He was in the Queensland Children’s Hospital for treatment of an acute illness when his clinicians, an artist and a filmmaker asked if he wanted to be involved in a new virtual reality project.
“I said, ‘Hell, yeah – I’ve got nothing else to do’,” he recalls.
So together with the team, Carter developed a Future Story that sent him to the surface of the moon and enabled him to meet Laika, the Russian dog that was the first to orbit Earth.
“It was really fun. It was amazing how much I could customise the world I created.”
Future Stories is a collaborative virtual project between Children’s Health Queensland and academics and researchers from Griffith University, Central Queensland University, the University of New South Wales and the Arts Health Network Queensland. It aims to improve health and wellbeing outcomes for adolescents, by giving them the chance to virtually engage with their dreams while undergoing clinical treatment.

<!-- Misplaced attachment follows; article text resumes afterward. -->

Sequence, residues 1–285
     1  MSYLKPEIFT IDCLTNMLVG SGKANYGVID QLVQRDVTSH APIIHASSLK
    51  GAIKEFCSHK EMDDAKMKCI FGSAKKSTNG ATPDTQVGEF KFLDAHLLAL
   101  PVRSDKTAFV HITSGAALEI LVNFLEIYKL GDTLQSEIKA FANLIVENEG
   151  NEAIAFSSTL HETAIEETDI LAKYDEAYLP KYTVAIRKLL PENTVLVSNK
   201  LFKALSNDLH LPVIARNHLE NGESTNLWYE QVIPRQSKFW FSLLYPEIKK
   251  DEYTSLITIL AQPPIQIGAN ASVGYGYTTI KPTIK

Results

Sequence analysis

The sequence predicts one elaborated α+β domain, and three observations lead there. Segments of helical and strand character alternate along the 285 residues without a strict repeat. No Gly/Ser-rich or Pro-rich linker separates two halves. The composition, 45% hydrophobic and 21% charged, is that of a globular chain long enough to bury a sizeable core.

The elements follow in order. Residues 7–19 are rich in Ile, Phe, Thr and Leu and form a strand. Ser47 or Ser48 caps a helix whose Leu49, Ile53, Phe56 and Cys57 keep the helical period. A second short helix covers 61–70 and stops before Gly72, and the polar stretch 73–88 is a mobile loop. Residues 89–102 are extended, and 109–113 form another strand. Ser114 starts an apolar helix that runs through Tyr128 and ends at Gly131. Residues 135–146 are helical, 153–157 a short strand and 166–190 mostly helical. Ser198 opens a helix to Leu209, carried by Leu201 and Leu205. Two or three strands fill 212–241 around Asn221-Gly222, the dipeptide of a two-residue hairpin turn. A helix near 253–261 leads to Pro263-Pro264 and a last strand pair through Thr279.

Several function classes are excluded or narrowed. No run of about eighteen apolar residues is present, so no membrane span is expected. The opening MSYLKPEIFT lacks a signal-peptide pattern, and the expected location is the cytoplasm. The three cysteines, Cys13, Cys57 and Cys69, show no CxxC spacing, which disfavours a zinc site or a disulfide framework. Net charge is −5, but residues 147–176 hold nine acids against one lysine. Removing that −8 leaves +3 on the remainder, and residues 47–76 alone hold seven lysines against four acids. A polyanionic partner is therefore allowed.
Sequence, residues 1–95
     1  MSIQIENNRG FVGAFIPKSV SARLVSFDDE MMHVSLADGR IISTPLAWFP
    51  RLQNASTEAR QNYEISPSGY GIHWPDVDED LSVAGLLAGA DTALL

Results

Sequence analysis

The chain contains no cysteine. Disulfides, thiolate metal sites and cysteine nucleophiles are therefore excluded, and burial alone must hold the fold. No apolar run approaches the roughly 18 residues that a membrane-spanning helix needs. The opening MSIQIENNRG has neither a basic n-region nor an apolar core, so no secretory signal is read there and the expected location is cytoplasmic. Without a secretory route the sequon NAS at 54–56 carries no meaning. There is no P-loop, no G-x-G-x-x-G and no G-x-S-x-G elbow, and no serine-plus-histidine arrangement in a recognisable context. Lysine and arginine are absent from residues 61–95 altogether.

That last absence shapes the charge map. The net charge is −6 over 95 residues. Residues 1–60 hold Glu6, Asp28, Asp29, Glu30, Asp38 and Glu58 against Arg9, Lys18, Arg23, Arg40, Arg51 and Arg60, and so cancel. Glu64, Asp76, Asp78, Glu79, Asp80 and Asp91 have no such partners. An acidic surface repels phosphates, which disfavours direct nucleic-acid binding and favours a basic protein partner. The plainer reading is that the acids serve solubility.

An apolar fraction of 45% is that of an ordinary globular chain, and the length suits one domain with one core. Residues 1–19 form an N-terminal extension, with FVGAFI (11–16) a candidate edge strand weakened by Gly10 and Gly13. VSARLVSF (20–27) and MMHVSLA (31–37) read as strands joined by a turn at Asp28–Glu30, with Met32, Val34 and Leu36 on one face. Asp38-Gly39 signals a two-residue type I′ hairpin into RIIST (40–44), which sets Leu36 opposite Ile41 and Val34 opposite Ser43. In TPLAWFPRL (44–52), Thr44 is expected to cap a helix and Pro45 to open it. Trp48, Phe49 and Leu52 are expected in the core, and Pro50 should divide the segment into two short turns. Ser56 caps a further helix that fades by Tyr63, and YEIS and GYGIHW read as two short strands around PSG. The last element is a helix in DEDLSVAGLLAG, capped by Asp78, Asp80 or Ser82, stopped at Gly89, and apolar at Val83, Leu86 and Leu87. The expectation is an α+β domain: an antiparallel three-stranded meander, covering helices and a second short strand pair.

Children’s Health Queensland Arts in Health Program manager Lynne Seear said the project not only provided young people with a creative outlet, but also helped them overcome the boredom, isolation and anxiety of long-term hospital admissions.
“It’s important that we find ways for young people to switch off from their reality,” she said.
“There’s a direct relationship between feeling healthy and getting better, and participating in the arts.”
“Future Stories gave Carter the joy of working with an artist and a filmmaker, to talk about his hopes and dreams and see those hopes and dreams reproduced in an immersive amazing format,” she said.
“It expanded his world, both virtually and in reality.”